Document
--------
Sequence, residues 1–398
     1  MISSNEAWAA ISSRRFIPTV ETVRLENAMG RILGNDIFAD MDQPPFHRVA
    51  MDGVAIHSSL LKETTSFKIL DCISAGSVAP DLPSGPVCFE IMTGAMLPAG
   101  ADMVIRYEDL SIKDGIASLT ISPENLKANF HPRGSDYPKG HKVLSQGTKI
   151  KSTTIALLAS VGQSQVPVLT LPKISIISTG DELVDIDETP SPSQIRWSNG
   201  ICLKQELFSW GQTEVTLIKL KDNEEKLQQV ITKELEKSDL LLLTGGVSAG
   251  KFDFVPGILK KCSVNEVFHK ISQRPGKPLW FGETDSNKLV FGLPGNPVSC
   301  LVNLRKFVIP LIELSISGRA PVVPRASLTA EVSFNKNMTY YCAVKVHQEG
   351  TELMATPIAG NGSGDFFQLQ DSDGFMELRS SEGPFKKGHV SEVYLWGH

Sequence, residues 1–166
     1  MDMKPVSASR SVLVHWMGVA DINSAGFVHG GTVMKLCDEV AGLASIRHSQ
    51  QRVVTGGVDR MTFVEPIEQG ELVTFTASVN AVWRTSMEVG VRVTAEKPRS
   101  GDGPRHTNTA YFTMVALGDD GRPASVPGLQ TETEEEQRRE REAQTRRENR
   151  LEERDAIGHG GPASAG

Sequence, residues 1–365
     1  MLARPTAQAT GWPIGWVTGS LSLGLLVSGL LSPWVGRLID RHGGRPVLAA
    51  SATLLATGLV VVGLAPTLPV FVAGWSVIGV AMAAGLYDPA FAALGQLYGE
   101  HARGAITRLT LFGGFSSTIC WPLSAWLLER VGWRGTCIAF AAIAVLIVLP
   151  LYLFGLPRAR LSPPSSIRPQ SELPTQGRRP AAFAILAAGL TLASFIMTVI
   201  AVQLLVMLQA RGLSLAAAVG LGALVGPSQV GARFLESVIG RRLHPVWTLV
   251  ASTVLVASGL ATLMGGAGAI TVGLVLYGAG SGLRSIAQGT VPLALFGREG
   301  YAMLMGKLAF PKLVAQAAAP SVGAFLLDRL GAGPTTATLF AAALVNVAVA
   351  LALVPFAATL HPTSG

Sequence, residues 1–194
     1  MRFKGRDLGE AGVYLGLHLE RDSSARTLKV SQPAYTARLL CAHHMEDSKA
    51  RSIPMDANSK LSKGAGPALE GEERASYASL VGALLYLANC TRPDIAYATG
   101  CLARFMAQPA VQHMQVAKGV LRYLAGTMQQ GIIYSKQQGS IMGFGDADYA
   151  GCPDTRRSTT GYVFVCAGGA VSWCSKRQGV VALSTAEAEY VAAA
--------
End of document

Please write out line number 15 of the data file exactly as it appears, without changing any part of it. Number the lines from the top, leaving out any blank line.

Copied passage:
Sequence, residues 1–365